Two months ago, we received an email from a guy at a company who claimed that an operation called Webvention was claiming that his company's website was violating its patent by having links on their website that would show additional info when you moused over the links -- commonly called "tooltips." This is a standard feature in HTML. I asked the guy for details and he suddenly got worried and said he would need permission to share the threat letter. I even promised him I'd keep his company's name out of it, I just wanted to see the specifics of what the threat letter said. After emailing me back once to say he was busy but would get to it, he then stopped responding to all my emails. I eventually did write a post about how Webvention was suing a bunch of website operators, noting how incredibly vague the lawsuit was, and also pointing out that this was one of Intellectual Ventures' one-time patents.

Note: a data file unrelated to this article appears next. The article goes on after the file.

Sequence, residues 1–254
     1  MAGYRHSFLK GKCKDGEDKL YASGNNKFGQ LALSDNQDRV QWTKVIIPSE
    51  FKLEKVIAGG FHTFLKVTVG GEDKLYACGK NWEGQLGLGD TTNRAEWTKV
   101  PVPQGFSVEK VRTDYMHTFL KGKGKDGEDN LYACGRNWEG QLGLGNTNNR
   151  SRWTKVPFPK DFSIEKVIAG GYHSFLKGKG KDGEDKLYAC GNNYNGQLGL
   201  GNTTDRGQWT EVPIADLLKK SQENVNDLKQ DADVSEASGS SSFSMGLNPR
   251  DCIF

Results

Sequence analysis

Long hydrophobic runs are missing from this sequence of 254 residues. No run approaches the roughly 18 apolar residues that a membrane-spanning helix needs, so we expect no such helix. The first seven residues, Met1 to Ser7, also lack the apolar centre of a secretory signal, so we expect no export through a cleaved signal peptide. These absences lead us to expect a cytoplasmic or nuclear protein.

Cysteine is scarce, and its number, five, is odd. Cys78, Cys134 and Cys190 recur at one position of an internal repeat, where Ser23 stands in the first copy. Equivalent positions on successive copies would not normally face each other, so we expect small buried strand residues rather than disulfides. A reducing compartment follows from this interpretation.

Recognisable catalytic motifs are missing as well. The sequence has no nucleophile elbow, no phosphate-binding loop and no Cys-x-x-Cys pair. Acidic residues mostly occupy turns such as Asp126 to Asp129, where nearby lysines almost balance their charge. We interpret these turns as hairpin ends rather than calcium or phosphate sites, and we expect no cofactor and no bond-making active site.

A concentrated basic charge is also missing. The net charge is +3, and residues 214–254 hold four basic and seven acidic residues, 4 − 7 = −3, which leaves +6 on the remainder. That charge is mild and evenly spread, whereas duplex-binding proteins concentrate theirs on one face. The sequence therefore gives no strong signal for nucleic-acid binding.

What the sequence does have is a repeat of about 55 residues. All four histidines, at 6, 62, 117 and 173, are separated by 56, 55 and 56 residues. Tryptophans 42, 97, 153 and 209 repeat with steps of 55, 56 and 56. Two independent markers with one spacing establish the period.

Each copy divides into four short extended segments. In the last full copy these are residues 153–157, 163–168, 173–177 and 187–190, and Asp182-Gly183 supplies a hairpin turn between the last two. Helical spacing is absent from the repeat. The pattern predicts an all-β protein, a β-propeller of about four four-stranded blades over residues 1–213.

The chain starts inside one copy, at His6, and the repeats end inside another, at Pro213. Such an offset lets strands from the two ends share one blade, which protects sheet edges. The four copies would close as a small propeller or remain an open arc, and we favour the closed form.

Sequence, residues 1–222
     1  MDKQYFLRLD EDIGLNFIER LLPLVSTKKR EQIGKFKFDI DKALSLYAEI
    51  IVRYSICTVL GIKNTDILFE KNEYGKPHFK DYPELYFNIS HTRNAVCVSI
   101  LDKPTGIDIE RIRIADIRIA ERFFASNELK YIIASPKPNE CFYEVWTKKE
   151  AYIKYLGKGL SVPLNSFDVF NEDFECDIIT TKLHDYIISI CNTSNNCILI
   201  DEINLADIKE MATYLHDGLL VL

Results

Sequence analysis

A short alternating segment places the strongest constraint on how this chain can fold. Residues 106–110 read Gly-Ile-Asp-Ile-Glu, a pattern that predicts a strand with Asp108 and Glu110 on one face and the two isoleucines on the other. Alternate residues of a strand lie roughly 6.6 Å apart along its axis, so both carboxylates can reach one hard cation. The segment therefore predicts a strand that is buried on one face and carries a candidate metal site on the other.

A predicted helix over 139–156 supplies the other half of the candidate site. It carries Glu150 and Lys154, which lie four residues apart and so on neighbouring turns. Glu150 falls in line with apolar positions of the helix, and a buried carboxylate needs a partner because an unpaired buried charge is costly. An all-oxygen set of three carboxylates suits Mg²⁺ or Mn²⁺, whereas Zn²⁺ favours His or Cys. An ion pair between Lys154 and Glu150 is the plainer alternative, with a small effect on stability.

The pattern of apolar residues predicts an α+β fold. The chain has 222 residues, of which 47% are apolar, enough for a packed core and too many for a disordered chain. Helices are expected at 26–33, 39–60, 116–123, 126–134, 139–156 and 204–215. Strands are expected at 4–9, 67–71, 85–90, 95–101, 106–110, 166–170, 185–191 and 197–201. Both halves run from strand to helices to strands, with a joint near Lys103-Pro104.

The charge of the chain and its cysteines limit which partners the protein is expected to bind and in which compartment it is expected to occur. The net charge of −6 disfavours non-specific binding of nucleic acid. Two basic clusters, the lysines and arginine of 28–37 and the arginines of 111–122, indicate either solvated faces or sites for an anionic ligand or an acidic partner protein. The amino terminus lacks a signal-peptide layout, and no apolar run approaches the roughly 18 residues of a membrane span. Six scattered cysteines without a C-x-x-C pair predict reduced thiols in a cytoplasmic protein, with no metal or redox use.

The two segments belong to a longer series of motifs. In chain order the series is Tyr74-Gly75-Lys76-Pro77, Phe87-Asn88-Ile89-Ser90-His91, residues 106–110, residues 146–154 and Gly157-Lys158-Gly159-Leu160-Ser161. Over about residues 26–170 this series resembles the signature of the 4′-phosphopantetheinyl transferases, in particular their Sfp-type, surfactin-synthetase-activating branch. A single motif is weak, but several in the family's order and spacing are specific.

While the guy who contacted us never came through with any details, it looks like many of the details are now coming out. Ars Technica calls our attention to the news that two of the companies who received similar letters, Tenneco and Novartis, have both sued pre-emptively, asking for the patent to be invalidated, or failing that, for a declaratory judgment that they don't infringe. While Ars Technia says that the patent covers "rollover images," I believe it's even worse than that. They seem to believe it covers tooltips. The key claim in the patent (5,251,294) is: